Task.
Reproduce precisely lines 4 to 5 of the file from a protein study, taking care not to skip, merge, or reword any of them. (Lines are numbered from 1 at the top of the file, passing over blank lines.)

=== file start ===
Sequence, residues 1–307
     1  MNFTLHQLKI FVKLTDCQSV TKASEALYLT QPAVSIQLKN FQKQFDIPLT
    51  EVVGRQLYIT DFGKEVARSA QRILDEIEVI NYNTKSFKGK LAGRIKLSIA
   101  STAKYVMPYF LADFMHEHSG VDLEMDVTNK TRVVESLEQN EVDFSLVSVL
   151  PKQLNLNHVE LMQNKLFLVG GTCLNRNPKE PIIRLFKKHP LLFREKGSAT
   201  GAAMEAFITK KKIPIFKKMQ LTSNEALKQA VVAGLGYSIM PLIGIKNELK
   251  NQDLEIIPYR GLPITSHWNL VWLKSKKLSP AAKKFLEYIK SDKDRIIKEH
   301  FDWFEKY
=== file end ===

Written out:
   101  STAKYVMPYF LADFMHEHSG VDLEMDVTNK TRVVESLEQN EVDFSLVSVL
   151  PKQLNLNHVE LMQNKLFLVG GTCLNRNPKE PIIRLFKKHP LLFREKGSAT